End of May. Thurles. Munster Senior Hurling Championship. Dreams should be made of this but thanks to horrendous weather conditions and a timid Cork challenge, Tipperary eased to victory by nine points, equaling their largest winning margin over the Rebel county.
Tipperary came into this encounter with plenty to prove. Several key player retirements and speculation of a playing panel unrest led to uncertainty in the Premier County in the lead-up to this fixture. Michael Ryan made bold moves in his team selection giving debuts to wing back Kennedy and half forward duo of Curran and McCormick.
The debutantes did not let Tipperary down as the trio soared to the occasion, something that Cork failed to do. The post-game reaction spoke of how loose Cork were before this fixture; something for a team who have struggled for form and performance was surprising. Put it simply, Cork never got to grips with the game and their tactical decision to deploy Bill Egan in the sweeper position posed more problems for themselves than nullifying the threat of Seamus Callanan inside.
It was clear from the early exchanges that Cork were worried about Callanan. The Drom Inch marksman had two players for company at all times and Cork defenders could not resist a bit of sledging when the forward missed a long range free early doors. The Tipperary forward did have the last laugh with eight points (four from play) and his point when he gave Cahalane the eyes in the first half, thought he was going to pass the sliothar cross the field but then took on the shot was spectacular.
Cork’s tactical failure allowed other Tipperary forwards to express themselves. O’Dwyer was having the proverbial field day scoring points when presented and John McGrath hold up work and ability to bring players into play was a joy to watch. The newcomers to the forward line also contributed as Cork’s back line started to afford more space to Tipperary in extremely trying conditions.
The weather was horrendous. The constant torrential downpour meant that first touch and ball control was vital. Cork deployed a short passing game which on several occasions broke down in their back line which were punished by Tipperary. When Cork decided to haul ball from deep, it was extremely ponderous and chances were that Padraic or Ronan Maher were collecting the ball.
Tipperary will not learn much from this contest only that overall the team played within themselves. There was a period in the second half (15 minutes) where Cork did attempt to mount a challenge but was ended when Pa Horgan’s free was saved by Tipperary. The strength on the bench in the last quarter was impressive with Forde, Bergin and Bonnar Maher coming on and thriving in the open space now afforded by Cork.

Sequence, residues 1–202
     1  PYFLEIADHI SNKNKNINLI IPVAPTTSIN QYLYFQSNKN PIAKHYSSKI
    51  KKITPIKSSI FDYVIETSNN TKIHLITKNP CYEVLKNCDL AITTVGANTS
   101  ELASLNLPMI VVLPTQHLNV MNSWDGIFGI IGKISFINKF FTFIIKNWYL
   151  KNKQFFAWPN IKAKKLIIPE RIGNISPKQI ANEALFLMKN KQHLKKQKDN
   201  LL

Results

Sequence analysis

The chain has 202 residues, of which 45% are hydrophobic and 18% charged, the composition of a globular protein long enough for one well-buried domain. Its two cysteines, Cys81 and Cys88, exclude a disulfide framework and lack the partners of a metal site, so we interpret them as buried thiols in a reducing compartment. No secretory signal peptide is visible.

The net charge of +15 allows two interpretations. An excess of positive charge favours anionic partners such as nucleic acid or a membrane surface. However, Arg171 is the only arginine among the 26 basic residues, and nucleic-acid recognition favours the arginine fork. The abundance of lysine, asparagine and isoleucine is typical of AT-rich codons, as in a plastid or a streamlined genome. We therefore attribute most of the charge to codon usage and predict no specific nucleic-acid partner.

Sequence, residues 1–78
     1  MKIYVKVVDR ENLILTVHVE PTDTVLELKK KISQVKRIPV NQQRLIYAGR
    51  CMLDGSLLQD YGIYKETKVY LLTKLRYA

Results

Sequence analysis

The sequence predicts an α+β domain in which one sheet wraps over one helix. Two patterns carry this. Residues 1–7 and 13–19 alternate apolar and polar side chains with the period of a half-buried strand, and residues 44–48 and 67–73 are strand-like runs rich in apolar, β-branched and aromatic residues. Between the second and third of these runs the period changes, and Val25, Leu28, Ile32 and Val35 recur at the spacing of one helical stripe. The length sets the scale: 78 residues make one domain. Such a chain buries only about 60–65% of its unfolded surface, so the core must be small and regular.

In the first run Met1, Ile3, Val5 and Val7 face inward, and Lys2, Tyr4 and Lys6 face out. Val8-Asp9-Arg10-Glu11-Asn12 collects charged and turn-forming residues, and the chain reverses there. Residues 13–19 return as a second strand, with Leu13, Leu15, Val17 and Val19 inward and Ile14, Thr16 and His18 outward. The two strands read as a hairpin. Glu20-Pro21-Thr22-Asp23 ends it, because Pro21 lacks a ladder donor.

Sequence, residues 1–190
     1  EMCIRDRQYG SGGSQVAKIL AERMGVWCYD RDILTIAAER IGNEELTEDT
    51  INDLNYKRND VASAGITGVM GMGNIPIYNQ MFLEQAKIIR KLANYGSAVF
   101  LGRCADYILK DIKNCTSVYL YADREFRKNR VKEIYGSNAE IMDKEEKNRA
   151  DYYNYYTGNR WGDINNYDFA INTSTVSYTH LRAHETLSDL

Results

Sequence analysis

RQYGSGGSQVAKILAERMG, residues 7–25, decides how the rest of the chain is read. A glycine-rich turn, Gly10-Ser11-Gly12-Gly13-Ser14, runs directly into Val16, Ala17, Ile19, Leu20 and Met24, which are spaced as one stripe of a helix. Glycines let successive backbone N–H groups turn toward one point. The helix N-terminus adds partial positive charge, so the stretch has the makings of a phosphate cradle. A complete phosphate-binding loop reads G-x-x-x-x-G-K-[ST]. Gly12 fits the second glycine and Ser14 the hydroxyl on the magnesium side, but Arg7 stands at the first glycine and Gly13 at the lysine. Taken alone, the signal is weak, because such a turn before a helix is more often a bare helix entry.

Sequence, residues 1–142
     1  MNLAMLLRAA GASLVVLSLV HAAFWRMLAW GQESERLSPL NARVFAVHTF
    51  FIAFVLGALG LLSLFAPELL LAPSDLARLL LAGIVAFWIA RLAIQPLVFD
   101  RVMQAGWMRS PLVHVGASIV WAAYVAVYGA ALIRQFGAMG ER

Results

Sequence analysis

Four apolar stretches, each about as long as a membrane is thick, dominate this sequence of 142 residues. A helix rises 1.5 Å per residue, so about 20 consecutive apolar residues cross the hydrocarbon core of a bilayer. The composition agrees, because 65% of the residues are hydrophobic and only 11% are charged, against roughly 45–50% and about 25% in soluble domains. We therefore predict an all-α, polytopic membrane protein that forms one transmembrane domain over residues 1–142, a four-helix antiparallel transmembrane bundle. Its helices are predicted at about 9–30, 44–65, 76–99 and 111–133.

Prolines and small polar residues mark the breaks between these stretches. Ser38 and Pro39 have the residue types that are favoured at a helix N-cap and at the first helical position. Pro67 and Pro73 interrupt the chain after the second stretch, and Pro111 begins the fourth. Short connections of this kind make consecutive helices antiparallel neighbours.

The Premier County were rarely troubled as the sweeper system deployed meant that goal chances were non-existent, a worrying trend ahead of the remainder of the championship.
Cork have serious issues; the panel has good talent in the forward line but unfortunately their work rate yet again was not at the standard required. The midfield area was a no contest as Maher and Breen dominated proceedings so much so that Daniel Kearney was called ashore before half-time. The back line was protected by a sweeper system which worked to prevent goals but systematically lacked the nous required to stop Tipperary’s scoring threat from long range.
The officiating caught the eye again. The enforcement of players pulling helmets offense is not being implemented. Yellow cards were given to Barrett and Cooper but should have being red after a handbags incident. Barry Kelly was a busy man as Hawkeye was called upon several occasions as the weather conditions deteriorated rapidly. Hawkeye was setup correctly and all decisions were reviewed with minimum fuss; nice addition to Semple.
It might be early stages in the hurling championship but the sweeper system is going to rid the game with any goal-scoring chances. Waterford and Clare have started the system and have perfected it; other teams have tried to adopt the system and failed. It is a system which works well in winter hurling but summer hurling is a different story.
I hope that a team who does not adopt the system wins Liam McCarthy this season; it is a terrible plight on the sport and hurling requires goals and excitement in games. Today was dire entertainment value and hopefully the powers that be have taken note. Limerick and Tipperary will play conventional hurling in four weeks but this will be the exception to the rule.
Man of the match
Brendan Maher had an incredible game, controlled midfield exchanges and his distribution throughout was on point with some deft flicks and hand passes in terrible weather conditions. Maher’s conditioning was immense and his work rate edges the accolade from Padraic Maher who had a field day in the half-back line as a sweeper.